It does provoke the question, “Where did all the Nazis go?” If it is true, as Lorelai indignantly states, that it would be despicable and heinous to associate with them, what has become of them? Did they go the way of the Rebels in the U.S., displaying the Confederate flag in their backyards and swapping stories over oil drum campfires? I highly doubt so. America historically takes an exceptionalist viewpoint, sugarcoating the skeletons in its closet and conveniently forgetting the backs of the slaves it stepped on to get to where it is now. Europe, in contrast, takes ownership of its participation in heinous regimes and takes steps to eradicate them. Display of Nazi paraphernalia, as well as Holocaust denial are both punishable offenses in much of Europe. It’s not merely a political joke, as the Confederate flag often is; rather, it’s a political crime. Many Nazis took the ratlines to South America and started new lives there. But especially for those who stayed in Europe, I wonder how it affected the family systems, to suddenly have to deny who you are and attempt to assimilate into a culture where you may not quite fit, at the risk of being exposed and vulnerable to prosecution? I’d like to hear from anyone who has more insight into it, but I’m going to stop here because obviously, politics is not my forte. At least the subject is not so taboo that prim and proper Emily Gilmore won’t make a joke of it.

Here’s a bit of useless trivia to hone your Jeopardy skills: As you’ve seen, my last name is Godwin. Did you know that there’s a Godwin’s Law? It states that “as an online discussion grows longer, the probability of a comparison involving Nazis or Hitler approaches one.” Cool, huh? We’ve just seen Godwin’s Law in action, and I have another connection to the Gilmores. The tradition also continues that whoever invokes Godwin’s Law effectively ends and “loses” the conversation, which is essentially Lorelai’s experience at this dinner.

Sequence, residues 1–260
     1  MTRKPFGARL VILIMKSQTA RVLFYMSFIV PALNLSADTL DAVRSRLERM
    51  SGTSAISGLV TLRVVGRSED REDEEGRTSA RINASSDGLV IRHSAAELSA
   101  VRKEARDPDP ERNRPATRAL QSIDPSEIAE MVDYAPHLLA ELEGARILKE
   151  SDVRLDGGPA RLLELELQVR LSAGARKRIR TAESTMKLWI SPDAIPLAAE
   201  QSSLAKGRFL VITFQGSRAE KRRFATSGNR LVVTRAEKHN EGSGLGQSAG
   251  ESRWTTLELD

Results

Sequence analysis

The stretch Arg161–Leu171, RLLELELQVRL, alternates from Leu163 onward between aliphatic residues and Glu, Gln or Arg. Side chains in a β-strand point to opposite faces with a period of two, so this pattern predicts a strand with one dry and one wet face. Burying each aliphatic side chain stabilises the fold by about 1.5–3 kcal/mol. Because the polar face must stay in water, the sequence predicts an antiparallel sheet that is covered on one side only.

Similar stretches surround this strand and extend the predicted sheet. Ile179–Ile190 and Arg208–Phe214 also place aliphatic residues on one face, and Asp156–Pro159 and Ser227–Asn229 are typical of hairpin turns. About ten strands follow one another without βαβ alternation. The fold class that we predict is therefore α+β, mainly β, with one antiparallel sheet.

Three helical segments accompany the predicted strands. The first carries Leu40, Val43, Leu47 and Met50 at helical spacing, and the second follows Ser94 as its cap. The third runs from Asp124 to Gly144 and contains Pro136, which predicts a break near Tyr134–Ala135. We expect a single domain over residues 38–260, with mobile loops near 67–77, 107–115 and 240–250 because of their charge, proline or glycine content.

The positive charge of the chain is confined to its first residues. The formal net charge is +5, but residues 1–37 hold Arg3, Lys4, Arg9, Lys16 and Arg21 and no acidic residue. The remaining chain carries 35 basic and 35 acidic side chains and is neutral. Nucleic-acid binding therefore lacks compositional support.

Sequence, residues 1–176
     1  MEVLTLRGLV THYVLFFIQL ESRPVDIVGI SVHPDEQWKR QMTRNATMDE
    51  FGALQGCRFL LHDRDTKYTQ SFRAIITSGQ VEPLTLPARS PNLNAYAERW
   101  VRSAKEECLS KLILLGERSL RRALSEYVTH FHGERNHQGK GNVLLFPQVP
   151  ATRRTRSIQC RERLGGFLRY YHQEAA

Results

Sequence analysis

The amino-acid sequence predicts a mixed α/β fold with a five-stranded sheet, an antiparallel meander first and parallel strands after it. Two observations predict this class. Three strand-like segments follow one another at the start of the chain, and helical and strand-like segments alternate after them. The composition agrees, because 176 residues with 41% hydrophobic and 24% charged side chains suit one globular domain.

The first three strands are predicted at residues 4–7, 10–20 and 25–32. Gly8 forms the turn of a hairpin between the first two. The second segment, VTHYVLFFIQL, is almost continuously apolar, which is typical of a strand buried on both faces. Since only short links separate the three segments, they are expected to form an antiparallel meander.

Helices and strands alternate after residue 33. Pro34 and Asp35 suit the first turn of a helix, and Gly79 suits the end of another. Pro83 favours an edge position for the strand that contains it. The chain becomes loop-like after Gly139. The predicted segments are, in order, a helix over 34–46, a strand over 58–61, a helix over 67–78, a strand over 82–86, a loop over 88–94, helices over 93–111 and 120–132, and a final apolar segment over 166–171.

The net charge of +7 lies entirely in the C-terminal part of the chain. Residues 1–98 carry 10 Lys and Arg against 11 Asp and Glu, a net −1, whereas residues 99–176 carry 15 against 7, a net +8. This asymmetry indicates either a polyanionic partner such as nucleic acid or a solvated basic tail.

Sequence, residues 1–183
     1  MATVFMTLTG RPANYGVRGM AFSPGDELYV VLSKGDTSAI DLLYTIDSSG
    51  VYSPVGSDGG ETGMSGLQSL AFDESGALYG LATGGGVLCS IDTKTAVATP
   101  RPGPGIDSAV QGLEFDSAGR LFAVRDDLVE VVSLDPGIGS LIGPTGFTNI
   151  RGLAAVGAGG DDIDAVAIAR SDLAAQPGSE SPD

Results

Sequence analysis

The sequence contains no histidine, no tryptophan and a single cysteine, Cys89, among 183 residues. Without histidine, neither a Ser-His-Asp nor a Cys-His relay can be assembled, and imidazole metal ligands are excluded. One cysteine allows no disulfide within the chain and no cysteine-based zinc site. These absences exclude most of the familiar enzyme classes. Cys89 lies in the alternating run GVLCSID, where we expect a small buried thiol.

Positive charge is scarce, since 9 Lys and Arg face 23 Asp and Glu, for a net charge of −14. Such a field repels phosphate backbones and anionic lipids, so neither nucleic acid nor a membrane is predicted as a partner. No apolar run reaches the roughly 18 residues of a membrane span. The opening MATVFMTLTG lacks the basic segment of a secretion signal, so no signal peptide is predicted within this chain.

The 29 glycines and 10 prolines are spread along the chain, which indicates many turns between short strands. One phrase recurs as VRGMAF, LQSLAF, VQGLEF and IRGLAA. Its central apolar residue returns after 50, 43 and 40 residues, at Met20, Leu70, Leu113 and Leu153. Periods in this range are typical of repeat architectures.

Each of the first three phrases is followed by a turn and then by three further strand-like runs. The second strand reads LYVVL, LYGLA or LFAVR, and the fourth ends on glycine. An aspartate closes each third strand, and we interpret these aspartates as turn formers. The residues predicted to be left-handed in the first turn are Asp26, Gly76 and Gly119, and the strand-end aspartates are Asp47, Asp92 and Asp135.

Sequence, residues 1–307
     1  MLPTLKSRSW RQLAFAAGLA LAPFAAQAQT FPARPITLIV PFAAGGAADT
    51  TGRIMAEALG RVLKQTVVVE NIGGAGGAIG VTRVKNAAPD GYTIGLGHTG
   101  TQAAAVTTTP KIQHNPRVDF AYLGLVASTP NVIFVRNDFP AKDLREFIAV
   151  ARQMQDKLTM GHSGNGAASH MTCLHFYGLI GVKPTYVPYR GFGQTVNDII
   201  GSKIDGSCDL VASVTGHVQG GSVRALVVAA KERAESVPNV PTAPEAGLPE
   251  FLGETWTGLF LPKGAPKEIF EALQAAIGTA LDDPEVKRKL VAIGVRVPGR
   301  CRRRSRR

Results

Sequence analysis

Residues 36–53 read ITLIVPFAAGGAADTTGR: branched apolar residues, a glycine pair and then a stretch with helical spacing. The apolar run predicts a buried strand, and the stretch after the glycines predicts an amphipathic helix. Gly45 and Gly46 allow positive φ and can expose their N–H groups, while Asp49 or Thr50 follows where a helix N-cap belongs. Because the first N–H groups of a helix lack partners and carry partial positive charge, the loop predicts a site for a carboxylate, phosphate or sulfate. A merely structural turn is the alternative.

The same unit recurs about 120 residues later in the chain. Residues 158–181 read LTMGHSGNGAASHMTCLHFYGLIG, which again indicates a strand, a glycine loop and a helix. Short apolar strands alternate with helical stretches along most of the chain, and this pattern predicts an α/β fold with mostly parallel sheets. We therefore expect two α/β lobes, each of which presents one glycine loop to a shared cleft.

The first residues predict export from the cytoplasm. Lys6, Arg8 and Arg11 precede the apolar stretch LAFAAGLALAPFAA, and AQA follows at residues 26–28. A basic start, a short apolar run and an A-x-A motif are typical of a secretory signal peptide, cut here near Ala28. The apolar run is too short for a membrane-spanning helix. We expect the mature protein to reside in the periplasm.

Back to the menu. I decided to go with lamb again. #1: it tasted amazing and I could use more practice cooking it, and #2: if I remember right, it is a fairly common dish at the Gilmore house. Because it looked to me as if there was something green topping it, I found a recipe for a green pea pesto. For the something white, I could have gone with traditional mashed potatoes again, but I’ve been wanting to try ricing cauliflower, so, what the heck? It’s my meal, as Emily didn’t elaborate. Check out my Friday Night Dinner Pinterest board for the recipes I used.

A Literary Feast -- lamb with pea pesto

Something white, something brown, something green

The pea pesto was my favorite part of the whole meal (crazy, because I don’t even like peas)! It has strong mint and garlic flavors, which complemented the lamb perfectly. A bit too zingy for Chompers, though, as seen on the Toddler Cam.  Hubby, too, just picked at it. True, the lamb wasn’t as good as last time; it was a different cut, too fatty, which made a huge difference in the taste. The cauliflower rice was a snap to make, but bland. Knowing how easy it was, though, gives me courage to try some other things, like maybe cauliflower pizza crust or something crazy like that. We’re not paleo, by any stretch of the imagination, but we do try to minimize carbs and sneak in veggies when we can.

I cleaned my plate, but was in the minority. Guess this dinner won’t be added to any regular rotation. My candid husband even said it ranked close to the green olive pasta debacle of 2009. Well, then. Come back next week so we can reminisce about the mystery meat debacle of 2015, and see how badly I can screw up the next dish. Any guesses? Here’s a hint: Lorelai says it smells “like Clorox.” Can’t wait!